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Masomi v. Madadi

United States District Court, D. Massachusetts

March 1, 2018

MOSTAFA MASOMI, Plaintiff,
v.
MEHRANDOKHT MADADI, et al., Defendants.

          MEMORANDUM AND ORDER

          F. Dennis Saylor IV District Judge

         For the reasons set forth below, this action will be dismissed pursuant to Fed.R.Civ.P. 12(h)(3) for lack of subject-matter jurisdiction.

         I. Background

         In this action, pro se plaintiff Mostafa Masomi seeks to have this court to alter or overturn decisions of the Massachusetts state courts relating to his divorce. The named defendants are his attorney, his former wife, and her attorney. Based upon the allegations in the complaint, all parties appear to be residents of Massachusetts. Plaintiff contends that the defendants deprived him of his constitutional rights, apparently in the course of his divorce proceedings.

         Plaintiff filed this action after his unsuccessful appeal to the Massachusetts Appeals Court, Masomi v. Madadi, No. 16-P-1718, 92 Mass.App.Ct. 1107, 2017 WL 4364379 (Mass. App. Ct. Oct. 3, 2017) (unpublished table disposition), and the Supreme Judicial Court's denial of his application for further appellate review on November 30, 2017. See Masomi v. Madadi, 478 Mass. 1106, 2017 WL 6047067 (Mass. 2017) (table).

         II. The Court Lacks Subject-Matter Jurisdiction Over Plaintiff's Claims

         “‘Federal courts are courts of limited jurisdiction, ' possessing ‘only that power authorized by Constitution and statute.'” Gunn v. Minton, 568 U.S. 251, 256 (2013) (quoting Kokkonen v. Guardian Life Ins. Co. of America, 511 U.S. 375, 377 (1994)). “A court is duty-bound to notice, and act upon, defects in its subject matter jurisdiction sua sponte.” Spooner v. EEN, Inc., 644 F.3d 62, 67 (1st Cir. 2011).

         A pro se complaint is subject to “less stringent standards than formal pleadings drafted by lawyers.” Haines v. Kerner, 404 U.S. 519, 520 (1972). Nonetheless, the complaint fails to include any basis upon which this Court could exercise its jurisdiction.

         Pursuant to 28 U.S.C. § 1332, district courts have original jurisdiction “where the matter in controversy exceeds the sum or value of $75, 000 . . . and is between citizens of different States.” 28 U.S.C. § 1332(a)(1). All parties are alleged to reside in Massachusetts, and the claim, therefore, is clearly not within the Court's diversity jurisdiction.

         Pursuant to 28 U.S.C. § 1331, district courts “have original jurisdiction of all civil actions arising under the Constitution, laws, or treaties of the United States.” 28 U.S.C. § 1331. The complaint purports to assert a claim based on the United States Constitution. However, the court is without subject-matter jurisdiction over claims relating to plaintiff's divorce proceedings, among other reasons, under the Rooker-Feldman doctrine. D.C. Ct. App. v. Feldman, 460 U.S. 462, 467 (1983); Rooker v. Fidelity Trust Co., 263 U.S. 413, 416 (1923). Under the Rooker-Feldman doctrine, “lower federal courts do not have jurisdiction to review a case litigated and decided in state court; only the United States Supreme Court has jurisdiction to correct state court judgments.” Littler v. Massachusetts, No. 17-11277-RGS, 2017 WL 3495173, at *4 (D. Mass. Aug. 14, 2017). “Thus, even if the challenge is that the state court's action was unconstitutional, this court may not review the challenge.” Id. (citing Feldman, 460 U.S. at 485- 86). “The Rooker-Feldman doctrine is properly applied where, regardless of how the claim is phrased, the only real injury to . . . [Plaintiff] . . . is ultimately still caused by a state-court judgment.” DuLaurence v. Telegen, 94 F.Supp.3d 73, 80 (D. Mass. 2015), aff'd sub nom. Dulaurence v. Telegen et al. (May 5, 2015) (citations and quotations omitted.). The complaint concerns plaintiff's divorce proceedings and he seeks to have this court review the state court's judgment and orders. The claims are therefore subject to dismissal based upon the Rooker-Feldman doctrine.[1]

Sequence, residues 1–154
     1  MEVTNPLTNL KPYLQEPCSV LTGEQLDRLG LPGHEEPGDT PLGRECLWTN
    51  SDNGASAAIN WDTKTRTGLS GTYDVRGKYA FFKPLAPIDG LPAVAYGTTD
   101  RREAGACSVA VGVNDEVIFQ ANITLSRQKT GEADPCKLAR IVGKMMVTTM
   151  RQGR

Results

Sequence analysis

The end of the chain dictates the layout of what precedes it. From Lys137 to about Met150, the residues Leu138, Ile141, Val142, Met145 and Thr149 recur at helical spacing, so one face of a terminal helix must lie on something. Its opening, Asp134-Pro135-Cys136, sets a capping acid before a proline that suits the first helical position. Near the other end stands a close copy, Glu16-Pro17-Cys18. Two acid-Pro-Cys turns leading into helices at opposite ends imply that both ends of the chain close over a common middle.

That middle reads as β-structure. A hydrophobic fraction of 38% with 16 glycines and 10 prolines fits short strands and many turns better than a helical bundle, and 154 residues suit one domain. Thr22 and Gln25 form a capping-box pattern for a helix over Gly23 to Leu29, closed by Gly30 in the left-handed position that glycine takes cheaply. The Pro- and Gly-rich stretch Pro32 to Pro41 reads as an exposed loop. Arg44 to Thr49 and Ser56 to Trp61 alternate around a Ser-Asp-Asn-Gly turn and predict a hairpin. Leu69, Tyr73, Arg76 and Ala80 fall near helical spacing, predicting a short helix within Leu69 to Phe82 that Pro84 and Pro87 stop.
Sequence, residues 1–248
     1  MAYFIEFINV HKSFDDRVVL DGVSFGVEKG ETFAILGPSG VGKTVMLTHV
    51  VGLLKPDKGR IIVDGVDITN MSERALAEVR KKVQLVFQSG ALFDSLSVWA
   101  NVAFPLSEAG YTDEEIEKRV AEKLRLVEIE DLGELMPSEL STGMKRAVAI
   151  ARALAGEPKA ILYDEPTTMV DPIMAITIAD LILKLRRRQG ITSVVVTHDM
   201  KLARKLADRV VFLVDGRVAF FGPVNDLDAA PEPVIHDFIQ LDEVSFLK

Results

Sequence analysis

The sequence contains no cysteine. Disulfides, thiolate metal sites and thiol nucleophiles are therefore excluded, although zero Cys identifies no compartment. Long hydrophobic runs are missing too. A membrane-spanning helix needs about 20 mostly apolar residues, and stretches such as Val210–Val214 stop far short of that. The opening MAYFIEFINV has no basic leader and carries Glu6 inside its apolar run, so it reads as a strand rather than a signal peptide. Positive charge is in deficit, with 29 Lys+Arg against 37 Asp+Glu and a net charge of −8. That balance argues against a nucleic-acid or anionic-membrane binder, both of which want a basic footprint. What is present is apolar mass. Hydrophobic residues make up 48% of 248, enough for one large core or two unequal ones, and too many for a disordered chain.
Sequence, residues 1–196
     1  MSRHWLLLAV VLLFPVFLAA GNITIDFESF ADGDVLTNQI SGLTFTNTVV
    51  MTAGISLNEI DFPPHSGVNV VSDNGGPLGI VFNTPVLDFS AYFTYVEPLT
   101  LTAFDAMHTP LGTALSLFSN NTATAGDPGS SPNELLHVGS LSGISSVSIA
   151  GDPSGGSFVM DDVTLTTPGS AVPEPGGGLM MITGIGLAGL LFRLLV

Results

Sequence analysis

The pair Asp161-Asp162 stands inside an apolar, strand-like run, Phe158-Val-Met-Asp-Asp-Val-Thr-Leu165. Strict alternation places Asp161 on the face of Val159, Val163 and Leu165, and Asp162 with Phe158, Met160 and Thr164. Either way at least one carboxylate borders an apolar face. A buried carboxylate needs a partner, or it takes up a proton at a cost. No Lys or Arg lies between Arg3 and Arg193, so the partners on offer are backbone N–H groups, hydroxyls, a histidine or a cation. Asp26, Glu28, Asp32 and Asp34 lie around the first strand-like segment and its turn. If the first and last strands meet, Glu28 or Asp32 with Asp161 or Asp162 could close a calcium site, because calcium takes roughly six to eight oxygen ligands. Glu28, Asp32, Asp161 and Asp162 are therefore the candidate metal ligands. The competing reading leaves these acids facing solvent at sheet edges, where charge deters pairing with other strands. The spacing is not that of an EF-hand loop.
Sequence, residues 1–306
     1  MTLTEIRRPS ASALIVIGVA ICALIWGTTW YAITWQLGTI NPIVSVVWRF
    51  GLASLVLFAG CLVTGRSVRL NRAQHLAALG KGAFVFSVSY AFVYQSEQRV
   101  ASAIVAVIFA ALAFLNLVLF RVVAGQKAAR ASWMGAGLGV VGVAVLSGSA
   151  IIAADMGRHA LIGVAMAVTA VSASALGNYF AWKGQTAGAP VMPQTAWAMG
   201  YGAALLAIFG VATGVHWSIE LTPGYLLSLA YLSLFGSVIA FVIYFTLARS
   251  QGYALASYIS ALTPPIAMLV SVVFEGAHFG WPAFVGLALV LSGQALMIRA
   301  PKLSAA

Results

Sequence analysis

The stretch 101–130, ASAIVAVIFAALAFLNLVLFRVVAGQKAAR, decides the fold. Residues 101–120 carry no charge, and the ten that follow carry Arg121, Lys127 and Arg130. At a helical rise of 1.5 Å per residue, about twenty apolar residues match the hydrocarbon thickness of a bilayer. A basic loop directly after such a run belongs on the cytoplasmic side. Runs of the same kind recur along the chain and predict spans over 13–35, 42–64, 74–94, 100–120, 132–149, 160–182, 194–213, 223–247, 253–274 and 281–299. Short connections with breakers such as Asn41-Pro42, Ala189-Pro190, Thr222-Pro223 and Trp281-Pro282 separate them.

In summary, it is clear that subject-matter jurisdiction is lacking, and dismissal is appropriate.

         III. Conclusion

         For the foregoing reasons, this action is dismissed pursuant to Fed.R.Civ.P. 12(h)(3) for lack of subject-matter jurisdiction. The clerk shall enter a separate order of dismissal.

         So ...


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